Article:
Software permeates every aspect of our lives in 2021. Our computers, mobile devices, cars, and even our televisions run complex software. Software isn’t something we just encounter in mundane areas of our lives though. It is vital for many of the things that keep us and our personal information safe, like security systems, banking, and medical devices.
While we all have some responsibility for keeping our software, data, and private information secure, the security foundation for software is laid during the development process. From the time the first line of code is written to the moment the final software product is launched, secure software development practices are indispensable.
Over the course of the last few decades, secure custom software development services has risen in priority for software developers and now must be the number one consideration in all software development. It has been too important to ignore for a long time but now, it is too important to not do impeccably. Here are just a few of the reasons why secure software development is essential in 2021.
More Users than Ever
The global COVID-19 pandemic has fundamentally changed so much about our lives and the role of software is no exception. One of the biggest things that quarantine and work-from-home orders did to society is to change our relationship with software. While many people were already actively and knowingly engaging with software on a regular basis, there were still plenty of people who were not.
All that changed in 2020. People who previously may have shied away from fully engaging with technology and software-based products were now forced to rely on them. Meetings are now conducted via collaboration software, and that new sweater no longer comes from a trip to the mall but from logging onto a software-based app.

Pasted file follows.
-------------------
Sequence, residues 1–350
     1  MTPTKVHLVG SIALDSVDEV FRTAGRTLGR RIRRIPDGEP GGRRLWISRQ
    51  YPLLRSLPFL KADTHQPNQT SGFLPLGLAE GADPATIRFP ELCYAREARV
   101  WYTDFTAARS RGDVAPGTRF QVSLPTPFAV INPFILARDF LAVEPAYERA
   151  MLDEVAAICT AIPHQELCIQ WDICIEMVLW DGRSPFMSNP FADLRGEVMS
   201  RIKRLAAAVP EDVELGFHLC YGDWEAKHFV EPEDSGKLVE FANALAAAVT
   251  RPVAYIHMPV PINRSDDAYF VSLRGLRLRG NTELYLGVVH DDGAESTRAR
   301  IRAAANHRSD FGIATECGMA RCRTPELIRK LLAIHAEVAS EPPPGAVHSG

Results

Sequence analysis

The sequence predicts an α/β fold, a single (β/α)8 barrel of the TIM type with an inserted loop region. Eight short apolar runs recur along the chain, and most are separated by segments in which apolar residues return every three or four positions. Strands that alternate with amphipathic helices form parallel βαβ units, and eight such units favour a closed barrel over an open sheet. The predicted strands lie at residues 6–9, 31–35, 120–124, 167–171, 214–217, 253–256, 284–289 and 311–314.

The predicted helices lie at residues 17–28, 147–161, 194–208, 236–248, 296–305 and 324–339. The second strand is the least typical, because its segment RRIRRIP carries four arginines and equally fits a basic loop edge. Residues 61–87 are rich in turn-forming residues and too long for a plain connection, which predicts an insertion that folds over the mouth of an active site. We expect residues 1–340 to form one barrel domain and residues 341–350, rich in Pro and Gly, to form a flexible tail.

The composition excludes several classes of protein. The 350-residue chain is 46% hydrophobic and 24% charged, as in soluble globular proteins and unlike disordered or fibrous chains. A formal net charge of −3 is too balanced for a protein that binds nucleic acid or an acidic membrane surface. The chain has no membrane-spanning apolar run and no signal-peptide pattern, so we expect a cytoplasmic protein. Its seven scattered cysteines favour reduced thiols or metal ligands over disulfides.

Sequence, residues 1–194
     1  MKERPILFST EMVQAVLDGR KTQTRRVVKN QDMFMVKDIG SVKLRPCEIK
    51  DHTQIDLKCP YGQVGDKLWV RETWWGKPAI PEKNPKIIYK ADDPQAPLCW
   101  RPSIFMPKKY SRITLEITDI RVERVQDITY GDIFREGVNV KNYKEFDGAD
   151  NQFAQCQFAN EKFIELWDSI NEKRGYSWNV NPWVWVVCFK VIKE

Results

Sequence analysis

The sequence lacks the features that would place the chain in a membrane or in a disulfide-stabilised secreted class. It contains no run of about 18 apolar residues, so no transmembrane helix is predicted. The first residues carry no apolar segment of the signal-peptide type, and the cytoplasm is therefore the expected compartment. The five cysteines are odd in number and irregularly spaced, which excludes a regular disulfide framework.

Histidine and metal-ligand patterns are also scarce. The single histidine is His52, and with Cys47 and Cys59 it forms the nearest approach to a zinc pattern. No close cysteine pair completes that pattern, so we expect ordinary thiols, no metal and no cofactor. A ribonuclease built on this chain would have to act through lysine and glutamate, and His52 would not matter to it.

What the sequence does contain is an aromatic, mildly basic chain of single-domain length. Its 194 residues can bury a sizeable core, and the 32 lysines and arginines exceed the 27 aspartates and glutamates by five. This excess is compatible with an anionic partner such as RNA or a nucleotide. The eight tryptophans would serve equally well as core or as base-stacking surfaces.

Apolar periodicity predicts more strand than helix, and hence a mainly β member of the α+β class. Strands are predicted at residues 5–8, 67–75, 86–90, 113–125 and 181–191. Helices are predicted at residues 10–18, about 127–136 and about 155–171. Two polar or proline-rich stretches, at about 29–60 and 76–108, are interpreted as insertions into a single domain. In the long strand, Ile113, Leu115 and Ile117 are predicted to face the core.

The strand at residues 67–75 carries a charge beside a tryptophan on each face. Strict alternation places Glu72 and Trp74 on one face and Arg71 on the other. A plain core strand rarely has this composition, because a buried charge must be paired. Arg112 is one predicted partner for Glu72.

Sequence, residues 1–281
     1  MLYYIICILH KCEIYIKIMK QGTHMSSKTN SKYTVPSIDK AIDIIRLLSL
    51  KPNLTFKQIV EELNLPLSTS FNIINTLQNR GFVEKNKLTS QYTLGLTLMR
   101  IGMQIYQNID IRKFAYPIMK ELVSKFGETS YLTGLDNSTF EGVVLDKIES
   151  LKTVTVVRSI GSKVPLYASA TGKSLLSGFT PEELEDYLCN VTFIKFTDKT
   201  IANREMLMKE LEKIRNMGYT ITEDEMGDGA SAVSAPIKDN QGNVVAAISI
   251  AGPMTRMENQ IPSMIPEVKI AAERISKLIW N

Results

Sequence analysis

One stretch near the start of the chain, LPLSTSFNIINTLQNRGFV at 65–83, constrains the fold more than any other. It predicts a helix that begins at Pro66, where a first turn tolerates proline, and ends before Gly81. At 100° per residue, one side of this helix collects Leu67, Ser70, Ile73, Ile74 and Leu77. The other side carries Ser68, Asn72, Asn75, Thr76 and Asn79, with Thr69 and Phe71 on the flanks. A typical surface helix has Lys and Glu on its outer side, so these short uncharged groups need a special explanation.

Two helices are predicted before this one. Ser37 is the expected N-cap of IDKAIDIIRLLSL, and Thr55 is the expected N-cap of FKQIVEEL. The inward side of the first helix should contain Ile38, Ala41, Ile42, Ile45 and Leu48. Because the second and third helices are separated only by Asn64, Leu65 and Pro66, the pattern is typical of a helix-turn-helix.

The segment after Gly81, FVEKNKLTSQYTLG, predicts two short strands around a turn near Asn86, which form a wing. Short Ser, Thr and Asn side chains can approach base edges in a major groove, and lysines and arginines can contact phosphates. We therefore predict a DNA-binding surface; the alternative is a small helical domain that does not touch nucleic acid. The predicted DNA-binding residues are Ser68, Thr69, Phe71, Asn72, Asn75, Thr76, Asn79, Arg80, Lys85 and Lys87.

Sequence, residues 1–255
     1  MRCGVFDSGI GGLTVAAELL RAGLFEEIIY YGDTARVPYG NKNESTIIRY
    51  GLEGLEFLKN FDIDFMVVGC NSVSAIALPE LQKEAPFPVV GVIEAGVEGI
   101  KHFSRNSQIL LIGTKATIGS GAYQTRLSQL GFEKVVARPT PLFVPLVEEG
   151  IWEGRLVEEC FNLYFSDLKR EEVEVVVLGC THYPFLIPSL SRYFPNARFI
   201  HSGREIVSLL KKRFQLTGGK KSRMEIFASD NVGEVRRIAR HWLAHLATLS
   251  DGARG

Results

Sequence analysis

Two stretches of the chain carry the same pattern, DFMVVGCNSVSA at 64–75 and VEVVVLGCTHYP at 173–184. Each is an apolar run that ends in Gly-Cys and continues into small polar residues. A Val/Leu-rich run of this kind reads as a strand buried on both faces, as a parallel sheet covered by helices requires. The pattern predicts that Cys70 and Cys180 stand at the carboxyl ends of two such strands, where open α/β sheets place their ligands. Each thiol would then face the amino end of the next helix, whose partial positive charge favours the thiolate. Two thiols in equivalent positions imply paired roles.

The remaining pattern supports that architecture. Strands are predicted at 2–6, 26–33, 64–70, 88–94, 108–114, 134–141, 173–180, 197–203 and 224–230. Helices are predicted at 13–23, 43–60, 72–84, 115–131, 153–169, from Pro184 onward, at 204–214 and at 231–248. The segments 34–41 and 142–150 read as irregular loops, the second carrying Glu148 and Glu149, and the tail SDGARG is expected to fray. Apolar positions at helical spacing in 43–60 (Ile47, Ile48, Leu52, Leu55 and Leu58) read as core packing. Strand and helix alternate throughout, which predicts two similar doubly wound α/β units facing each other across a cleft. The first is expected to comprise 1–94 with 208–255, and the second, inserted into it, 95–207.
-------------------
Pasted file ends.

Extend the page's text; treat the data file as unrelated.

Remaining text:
This newfound reliance on software was an opportunity for many companies and software developers. Unfortunately, cybercriminals saw it as an opportunity as well. The increase in software users sent cybercrime soaring in 2020 and the attacks will not slow down in 2021. It is up to software developers to do the best job they can securing software from its creation to protect all these users, both new and old. Liventus has a useful guide to secure software development that goes into more detail, with tips for developers.
Sophisticated Cybersecurity Threats
The days of cybercriminals simply sending people malicious phishing emails and hoping people click on the link are behind us. While this form of social engineering attack is still very popular, some attacks are much more sophisticated. While software developers can only do so much to prevent the former, they need to be up to the task to prevent the latter.
Cyberattacks that involve techniques such as cross-site scripting used to be considered cutting edge. These attacks involve hackers finding unsecured areas of a site and inputting new lines of malicious code that change the way the site behaves. This can route access information or sensitive data right to the criminals. Today, in 2021, attacks like these are much more common and there are many more, even newer, and more sophisticated attack methods being used all the time.